In the mid-twentieth century, Pullman Standard was the powerhouse of Butler industry and commerce. Nearly fifty percent of supplies and materials were purchased within the county. Their payroll funneled millions into the local Butler economy every…

Emma Guffey Miller left a long-lasting legacy on Slippery Rock University’s campus, in large part due to her national political affiliations. A native of western Pennsylvania, Miller attended Bryn Mawr College in Pennsylvania, graduating with a…

If you have walked down Main Street in Butler anytime within the last 110 years, you’ve most likely seen or passed under a red and white striped awning jutting out above the sidewalk. A look through the painted windows will tell you that this is…

As the fourth of July approaches every summer the people of Butler anxiously await the nine days of fun that surround the Butler Fair. It’s a place where the family-oriented lifestyle of the country blends together with the dazzling lights of city…

Over a hundred years ago, World War I began with the assassination of Archduke Franz Ferdinand. The Great War was the end of an era and the beginning of another. The years after the war would see the rise of the Jazz Age, Women’s suffrage,…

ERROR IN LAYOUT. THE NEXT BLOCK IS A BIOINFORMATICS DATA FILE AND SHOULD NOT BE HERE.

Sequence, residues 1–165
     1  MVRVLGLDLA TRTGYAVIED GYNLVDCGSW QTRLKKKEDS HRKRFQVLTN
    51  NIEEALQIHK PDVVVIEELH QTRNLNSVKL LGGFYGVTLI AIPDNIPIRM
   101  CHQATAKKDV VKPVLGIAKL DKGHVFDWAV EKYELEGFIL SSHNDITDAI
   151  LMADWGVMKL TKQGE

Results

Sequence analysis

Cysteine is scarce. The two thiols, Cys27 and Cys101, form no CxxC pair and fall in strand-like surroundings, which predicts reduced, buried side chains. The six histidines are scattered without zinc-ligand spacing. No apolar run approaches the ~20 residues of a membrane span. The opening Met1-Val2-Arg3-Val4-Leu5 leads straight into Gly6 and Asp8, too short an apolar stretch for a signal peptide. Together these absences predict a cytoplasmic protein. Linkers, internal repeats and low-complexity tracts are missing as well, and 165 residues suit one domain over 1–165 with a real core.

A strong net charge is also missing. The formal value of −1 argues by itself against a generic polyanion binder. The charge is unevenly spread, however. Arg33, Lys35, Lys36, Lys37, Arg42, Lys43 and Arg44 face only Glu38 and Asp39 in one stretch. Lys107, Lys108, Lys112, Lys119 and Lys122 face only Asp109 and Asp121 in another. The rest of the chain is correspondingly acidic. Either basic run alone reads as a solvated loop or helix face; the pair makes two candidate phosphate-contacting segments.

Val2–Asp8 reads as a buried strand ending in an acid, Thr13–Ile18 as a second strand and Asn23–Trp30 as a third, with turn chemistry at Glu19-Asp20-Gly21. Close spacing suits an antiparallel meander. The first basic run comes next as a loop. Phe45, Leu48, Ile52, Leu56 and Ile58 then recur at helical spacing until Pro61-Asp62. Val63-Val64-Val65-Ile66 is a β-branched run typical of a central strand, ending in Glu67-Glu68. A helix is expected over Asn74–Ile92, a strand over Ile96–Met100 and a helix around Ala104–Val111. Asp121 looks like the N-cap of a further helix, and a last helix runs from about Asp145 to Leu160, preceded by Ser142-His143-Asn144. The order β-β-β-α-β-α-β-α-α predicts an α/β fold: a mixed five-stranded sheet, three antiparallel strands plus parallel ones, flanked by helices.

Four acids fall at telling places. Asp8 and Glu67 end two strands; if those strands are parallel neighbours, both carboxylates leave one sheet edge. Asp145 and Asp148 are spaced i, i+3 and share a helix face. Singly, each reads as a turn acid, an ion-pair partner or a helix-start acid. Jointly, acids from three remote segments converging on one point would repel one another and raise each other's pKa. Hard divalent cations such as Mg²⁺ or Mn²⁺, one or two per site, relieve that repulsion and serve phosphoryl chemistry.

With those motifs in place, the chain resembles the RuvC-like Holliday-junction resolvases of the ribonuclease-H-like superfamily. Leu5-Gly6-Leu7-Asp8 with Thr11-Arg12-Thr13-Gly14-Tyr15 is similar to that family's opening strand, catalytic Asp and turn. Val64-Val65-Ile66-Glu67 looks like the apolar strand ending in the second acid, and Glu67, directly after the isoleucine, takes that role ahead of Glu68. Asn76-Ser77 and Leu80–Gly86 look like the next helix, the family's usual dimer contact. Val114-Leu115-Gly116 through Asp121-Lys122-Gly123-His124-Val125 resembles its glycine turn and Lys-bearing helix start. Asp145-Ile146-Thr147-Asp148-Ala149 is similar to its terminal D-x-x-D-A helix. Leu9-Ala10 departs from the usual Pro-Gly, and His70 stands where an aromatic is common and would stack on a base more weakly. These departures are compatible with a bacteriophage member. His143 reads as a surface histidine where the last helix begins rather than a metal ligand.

On October 16, 1937, Slippery Rock University's North Hall caught fire and burned to the ground, all because of one unfortunate ox. October of 1937 was a big month for Slippery Rock. As of October 6th, six thousand letters had been sent out to…

Just off of South Eberhart Road in Butler Township is an eighty-eight acre English garden, unchanged since 1959: Preston Park. The park was originally created, cultivated, and finally given to Butler by Frank and Jane Preston, a couple who left…

When you think of amusement parks near Western Pennsylvania, places like Kennywood, Idlewild, or Conneaut may come to mind. In the early twentieth century, Butler boasted its own escape from the hustle and bustle of the city. Just a five-cent,…

March 31, 1943 Flight Cadets arrived in the small town of Slippery Rock to receive training at the local teachers' college for the war that Americans had been entangled in for two years already. Upon stepping onto the campus, the Cadets were greeted…

While thousands of men were being killed on the battlefields of Europe in the fall of 1918, many more men, women, and children were being killed worldwide; not by combat, but by something invisible to the naked eye. The Influenza Epidemic of 1918…